Well I use my PDA mostly to read Web content (predominantly blogs). My process is that I convert Web content to Plucker format so I can read it offline - on the train, at the kids playcentre while my 3-year old runs around, etc. And for that, my PDA has been a God-send. I have a nice routine going: browse Web via PC --> bookmark stuff via del.icio.us --> convert to Plucker --> read offline on my PDA --> save best links to linkblog or blog about it. It's still somewhat of a manual and clunky process, compared to how automatic things should be in an ideal world, but it suits me for now.
Re reading actual books on my PDA, I'm almost ashamed to say that it largely hasn't happened. Yet. Well that's not entirely true, because I read Lawrence Lessig's Free Culture and Cory Doctorow's books via my PDA - both free downloads. And therein lies one issue with me - I haven't actually *paid* for any eBook yet. One reason is that my favourite authors don't do eBooks - e.g. Tom Wolfe's latest, which I intend to buy pretty soon, isn't available as an eBook. And no recent Michael Lewis books are available as eBooks (only a couple of his old books). And just one Douglas Coupland book, no Greg Egan novels (although Fictionwise had some of his individual stories, which is a good start) and no Alex Garland. Mind you I haven't searched that hard.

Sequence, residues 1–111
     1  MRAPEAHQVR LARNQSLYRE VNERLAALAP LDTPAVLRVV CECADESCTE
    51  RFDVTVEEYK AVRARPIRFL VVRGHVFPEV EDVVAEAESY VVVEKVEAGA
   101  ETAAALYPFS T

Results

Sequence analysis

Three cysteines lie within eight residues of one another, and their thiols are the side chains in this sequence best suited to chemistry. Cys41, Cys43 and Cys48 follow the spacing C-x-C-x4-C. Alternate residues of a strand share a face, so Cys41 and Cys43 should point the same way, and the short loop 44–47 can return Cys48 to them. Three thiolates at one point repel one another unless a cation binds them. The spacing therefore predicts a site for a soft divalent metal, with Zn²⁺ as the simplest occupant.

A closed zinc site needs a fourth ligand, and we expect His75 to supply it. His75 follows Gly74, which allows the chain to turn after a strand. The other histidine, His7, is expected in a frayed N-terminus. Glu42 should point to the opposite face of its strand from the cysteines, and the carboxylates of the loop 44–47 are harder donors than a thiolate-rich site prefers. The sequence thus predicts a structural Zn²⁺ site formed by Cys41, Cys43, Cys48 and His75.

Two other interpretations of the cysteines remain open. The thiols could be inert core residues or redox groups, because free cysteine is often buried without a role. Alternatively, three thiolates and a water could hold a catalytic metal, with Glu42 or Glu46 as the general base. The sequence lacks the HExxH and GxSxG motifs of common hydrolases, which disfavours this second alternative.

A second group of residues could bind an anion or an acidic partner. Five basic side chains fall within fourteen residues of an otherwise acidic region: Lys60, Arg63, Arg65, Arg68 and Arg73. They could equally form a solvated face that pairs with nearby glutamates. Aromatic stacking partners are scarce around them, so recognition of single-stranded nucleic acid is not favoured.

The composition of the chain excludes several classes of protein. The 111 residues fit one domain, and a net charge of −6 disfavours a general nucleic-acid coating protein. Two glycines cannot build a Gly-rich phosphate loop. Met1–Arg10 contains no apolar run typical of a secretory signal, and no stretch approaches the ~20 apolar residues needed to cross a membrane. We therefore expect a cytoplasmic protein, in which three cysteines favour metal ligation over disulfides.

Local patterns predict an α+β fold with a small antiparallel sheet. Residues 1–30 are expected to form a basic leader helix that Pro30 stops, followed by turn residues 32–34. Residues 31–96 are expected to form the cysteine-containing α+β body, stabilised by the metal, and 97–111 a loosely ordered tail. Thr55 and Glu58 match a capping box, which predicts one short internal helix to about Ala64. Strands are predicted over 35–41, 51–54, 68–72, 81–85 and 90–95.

Wrapped up in Formats
The second observation I will make about my first 3 months in eBooks: there is a lot of fluster about eBook formats and I think it's distracting me from finding out what is the real value of eBooks. I very quickly learned that there are a million different and mostly proprietary eBook formats, and the promise of one open format (but frankly very little info about when it will be released to users). Obviously the eBook industry is in a state of flux and hasn't 'matured' yet in terms of formats and hardware. But really, as a potential eBook customer - I already have my hardware (Palm PDA) and preferred formats (basically anything that runs on my Palm and which doesn't have too restrictive a DRM). They're both compromises, but I accept that I have to make do with what's available - e.g. OpenReader sounds great and all, but the fact is it isn't available and I've no idea when it will be.
Given all that: I'm set, I'm ready to read eBooks. So apart from now trying to figure out what eBooks to buy (see my first point above), I'm looking for ways that eBooks can meet my needs in ways that paper books can't. I've already found that eBooks do the job of portability better than paper books - if I was able to buy my fave authors in eBook format, then I could carry all their works with me wherever I go. But what other compelling reasons for buying eBooks over paper books are there? That's what I'm trying to discover here on eBook Culture and will continue to explore.